About a year ago, I heard a surprising statistic: extreme poverty has been cut in half in the past 20 years. If we continue on this trend, we can reduce the number of people living in extreme poverty to almost zero by they year 2030.
A few weeks ago, I watched a TED talk by Bono where he presented the same information. Just last week, the President of the World Bank, Jim Yong Kim, also called for an end to extreme poverty by 2030.
These declarations have not come without criticism. Critics have said these facts don’t take into account the issue of inequality gaps: if the “haves” continue to “have more” then it will be difficult to reach the remaining groups of “have nots.”
I am the first to admit that I don’t have all the facts to be the one making policy decisions related to poverty in struggling nations. But can I confess something? Prior to last year when I heard the statistic, it never occurred to me that it was actually possible to eliminate poverty in this world. I am embarrassed to admit that I became so jaded that poverty was something that I accepted as normal.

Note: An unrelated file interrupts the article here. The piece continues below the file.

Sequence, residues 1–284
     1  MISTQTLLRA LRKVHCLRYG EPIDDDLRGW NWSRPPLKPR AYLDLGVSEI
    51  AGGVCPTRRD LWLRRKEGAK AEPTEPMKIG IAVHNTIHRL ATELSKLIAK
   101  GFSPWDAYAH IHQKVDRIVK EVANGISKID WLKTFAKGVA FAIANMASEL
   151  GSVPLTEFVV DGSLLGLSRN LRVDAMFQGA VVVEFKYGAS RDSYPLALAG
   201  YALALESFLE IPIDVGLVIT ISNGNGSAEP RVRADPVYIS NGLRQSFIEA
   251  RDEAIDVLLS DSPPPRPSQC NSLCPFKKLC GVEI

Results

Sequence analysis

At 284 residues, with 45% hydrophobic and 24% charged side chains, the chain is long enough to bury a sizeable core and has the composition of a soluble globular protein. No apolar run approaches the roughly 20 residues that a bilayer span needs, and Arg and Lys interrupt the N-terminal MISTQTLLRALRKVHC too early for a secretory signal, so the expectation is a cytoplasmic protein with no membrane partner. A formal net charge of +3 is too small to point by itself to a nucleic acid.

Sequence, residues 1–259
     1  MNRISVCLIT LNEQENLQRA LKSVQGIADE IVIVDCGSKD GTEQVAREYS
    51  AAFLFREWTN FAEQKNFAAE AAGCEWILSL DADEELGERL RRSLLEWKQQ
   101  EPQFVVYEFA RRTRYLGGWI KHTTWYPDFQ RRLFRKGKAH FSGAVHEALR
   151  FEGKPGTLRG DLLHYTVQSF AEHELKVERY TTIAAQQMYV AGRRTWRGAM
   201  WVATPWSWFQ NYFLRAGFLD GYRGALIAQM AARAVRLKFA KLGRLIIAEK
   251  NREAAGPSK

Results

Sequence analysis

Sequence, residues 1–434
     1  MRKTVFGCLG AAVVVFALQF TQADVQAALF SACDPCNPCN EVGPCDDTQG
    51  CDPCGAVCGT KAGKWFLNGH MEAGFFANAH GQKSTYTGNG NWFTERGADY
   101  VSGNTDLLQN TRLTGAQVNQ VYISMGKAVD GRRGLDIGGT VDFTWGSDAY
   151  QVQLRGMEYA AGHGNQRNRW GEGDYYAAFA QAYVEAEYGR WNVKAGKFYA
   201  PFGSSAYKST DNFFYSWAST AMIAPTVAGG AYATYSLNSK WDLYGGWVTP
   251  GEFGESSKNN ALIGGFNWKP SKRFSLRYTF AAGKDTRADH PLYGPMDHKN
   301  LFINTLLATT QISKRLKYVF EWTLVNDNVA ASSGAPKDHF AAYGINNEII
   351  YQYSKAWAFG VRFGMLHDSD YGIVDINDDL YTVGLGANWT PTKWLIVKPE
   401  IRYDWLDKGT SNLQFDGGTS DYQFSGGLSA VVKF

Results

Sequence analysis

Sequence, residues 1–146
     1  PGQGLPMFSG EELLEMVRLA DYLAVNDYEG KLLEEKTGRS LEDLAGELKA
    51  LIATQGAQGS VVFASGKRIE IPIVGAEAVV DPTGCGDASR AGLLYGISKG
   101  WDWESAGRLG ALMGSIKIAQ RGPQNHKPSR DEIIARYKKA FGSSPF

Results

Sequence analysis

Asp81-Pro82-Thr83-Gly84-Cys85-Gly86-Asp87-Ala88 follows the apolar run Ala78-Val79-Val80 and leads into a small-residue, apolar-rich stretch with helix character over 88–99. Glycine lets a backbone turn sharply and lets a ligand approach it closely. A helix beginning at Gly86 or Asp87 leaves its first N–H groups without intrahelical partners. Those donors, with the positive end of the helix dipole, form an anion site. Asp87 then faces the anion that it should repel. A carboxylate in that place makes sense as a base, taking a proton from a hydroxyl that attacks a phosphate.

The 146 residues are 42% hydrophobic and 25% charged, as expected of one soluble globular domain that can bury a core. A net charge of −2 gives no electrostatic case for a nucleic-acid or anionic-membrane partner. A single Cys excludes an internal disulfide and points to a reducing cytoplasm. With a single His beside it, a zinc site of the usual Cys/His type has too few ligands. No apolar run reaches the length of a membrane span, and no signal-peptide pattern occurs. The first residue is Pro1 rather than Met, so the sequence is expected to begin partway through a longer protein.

The sky is blue, the grass is green and there are extremely poor people in this world.
I didn’t like it. I didn’t think it was okay. But I didn’t think there was anything we could do about it. I just figured that was how the world worked.
So when I heard that we would eliminate extreme poverty in my lifetime I got excited. I began to imagine a world with no poverty. It occurred to me that perhaps my grandchildren would read about famine in history books the same way I read about small pox.
Suddenly the feasibility of this statistic led me to question other injustices of the world:
When can we get everyone access to clean drinking water?
When will girls in every country be given the right to an education?
When will all children have enough food in their bellies?
I’m guilty of being apathetic for too long. I don’t know if we can eliminate extreme poverty by 2030 but I want to be on the team that tried. I want to say that I raised my hand and said, “How can I help?” instead of “You’ll never do be able to do that.”
Let’s make extreme poverty a thing of the past.
He has shown you, O mortal, what is good.
And what does the Lord require of you?
To act justly and to love mercy
and to walk humbly with your God.